Many women also find that they never paid much attention to ovulation signs before starting to think about getting pregnant, but once they start tuning into their body, they start to notice some of the signs. Here are several different signs of ovulation.

Changes in cervical mucus

Cervical mucus is a fluid produced by the cervix that is discharged by the vagina. Cervical mucus goes through stages during your menstrual cycle. Before ovulation, cervical mucus is thick, white, and dry. Just before ovulation, cervical mucus turns clear and slippery. It is often referred to as egg white consistency. This consistency makes a friendly environment for sperm to swim up to meet an egg.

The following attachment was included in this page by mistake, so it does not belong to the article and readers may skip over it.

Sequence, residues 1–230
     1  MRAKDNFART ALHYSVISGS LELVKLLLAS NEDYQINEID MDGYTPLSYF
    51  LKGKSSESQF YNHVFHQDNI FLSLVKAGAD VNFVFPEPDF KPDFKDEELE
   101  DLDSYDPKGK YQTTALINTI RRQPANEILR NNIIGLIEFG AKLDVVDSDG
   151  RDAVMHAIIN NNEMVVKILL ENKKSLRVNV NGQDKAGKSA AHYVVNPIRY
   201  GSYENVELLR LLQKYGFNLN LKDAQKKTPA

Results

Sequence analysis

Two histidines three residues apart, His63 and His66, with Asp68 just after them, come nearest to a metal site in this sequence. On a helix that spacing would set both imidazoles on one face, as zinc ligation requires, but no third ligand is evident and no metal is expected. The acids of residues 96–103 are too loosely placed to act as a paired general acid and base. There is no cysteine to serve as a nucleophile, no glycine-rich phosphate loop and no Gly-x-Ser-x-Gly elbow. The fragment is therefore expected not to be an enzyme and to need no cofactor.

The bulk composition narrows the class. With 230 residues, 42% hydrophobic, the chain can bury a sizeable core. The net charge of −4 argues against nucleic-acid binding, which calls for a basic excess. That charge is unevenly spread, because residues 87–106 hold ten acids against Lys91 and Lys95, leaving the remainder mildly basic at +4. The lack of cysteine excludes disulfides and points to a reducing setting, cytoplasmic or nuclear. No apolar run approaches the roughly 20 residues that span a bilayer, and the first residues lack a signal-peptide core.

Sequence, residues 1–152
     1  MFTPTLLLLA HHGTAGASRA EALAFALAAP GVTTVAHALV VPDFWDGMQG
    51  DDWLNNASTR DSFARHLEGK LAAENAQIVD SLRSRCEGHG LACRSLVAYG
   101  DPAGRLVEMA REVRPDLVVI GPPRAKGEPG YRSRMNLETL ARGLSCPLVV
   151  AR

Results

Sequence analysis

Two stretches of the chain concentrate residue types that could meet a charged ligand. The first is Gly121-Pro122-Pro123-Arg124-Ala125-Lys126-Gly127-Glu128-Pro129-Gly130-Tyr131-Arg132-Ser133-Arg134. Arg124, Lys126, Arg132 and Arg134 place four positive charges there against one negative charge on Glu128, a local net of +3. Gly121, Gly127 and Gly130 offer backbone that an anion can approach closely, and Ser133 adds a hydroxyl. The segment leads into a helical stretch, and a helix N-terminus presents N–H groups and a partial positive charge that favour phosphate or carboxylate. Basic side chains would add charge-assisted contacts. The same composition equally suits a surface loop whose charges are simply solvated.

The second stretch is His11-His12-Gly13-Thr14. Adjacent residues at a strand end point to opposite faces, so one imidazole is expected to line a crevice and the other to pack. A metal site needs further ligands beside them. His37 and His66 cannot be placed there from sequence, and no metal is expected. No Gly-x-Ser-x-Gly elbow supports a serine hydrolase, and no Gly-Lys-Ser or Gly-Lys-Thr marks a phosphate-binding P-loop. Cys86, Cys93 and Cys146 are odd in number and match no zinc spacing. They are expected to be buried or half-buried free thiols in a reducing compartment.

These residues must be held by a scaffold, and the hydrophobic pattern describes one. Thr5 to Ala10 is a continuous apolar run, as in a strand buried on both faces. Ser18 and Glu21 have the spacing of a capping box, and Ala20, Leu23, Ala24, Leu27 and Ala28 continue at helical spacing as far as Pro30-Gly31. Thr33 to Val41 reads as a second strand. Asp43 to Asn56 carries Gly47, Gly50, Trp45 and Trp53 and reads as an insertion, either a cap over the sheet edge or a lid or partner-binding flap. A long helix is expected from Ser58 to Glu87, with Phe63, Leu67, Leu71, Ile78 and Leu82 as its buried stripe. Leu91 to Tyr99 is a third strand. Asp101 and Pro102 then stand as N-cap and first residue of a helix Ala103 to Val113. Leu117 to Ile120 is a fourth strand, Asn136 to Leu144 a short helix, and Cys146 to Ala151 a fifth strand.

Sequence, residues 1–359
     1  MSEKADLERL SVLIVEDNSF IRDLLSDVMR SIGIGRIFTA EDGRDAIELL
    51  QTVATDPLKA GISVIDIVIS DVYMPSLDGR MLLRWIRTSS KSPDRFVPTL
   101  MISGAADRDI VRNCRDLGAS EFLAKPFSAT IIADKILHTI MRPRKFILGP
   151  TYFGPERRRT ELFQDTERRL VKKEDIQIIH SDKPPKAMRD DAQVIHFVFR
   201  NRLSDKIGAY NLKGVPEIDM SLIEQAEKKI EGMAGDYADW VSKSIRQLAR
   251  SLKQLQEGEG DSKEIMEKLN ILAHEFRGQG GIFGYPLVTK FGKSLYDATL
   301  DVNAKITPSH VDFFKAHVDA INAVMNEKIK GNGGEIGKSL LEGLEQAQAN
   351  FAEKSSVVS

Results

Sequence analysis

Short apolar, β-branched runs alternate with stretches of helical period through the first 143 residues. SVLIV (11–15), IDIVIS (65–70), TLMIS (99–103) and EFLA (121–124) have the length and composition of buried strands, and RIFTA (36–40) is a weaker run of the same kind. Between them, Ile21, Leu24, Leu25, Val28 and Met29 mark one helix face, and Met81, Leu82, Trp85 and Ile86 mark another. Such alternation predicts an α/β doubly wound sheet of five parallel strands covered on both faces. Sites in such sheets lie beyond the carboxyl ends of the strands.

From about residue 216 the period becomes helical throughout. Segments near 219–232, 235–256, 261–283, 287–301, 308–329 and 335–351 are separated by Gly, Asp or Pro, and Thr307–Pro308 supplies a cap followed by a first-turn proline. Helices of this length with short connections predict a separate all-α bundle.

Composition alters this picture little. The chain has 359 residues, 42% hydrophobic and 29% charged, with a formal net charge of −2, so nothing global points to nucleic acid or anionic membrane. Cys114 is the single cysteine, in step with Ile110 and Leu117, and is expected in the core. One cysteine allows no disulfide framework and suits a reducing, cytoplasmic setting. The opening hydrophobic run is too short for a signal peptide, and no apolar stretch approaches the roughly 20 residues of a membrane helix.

Increased basal body temperature

Basal body temperature (BBT) is a person's lowest natural body temperature, typically this occurs when they are completely at rest. It is measured first thing in the morning upon waking, before you even get out of bed or have anything to eat or drink.

Your basal body temperature increases slightly during ovulation (typically about 0.5 to 1 degree). Taking your temperature every morning throughout your cycle using a precise digital thermometer can help indicate when ovulation occurs.

It is best to start this process daily and track your temperature in a spreadsheet or notebook over a few cycles to observe trends in your BBT and note what day of your cycle a temperature increase occurs.

Since temperature changes can be slight, you can get a digital thermometer that is specifically designed for taking basal body temperature.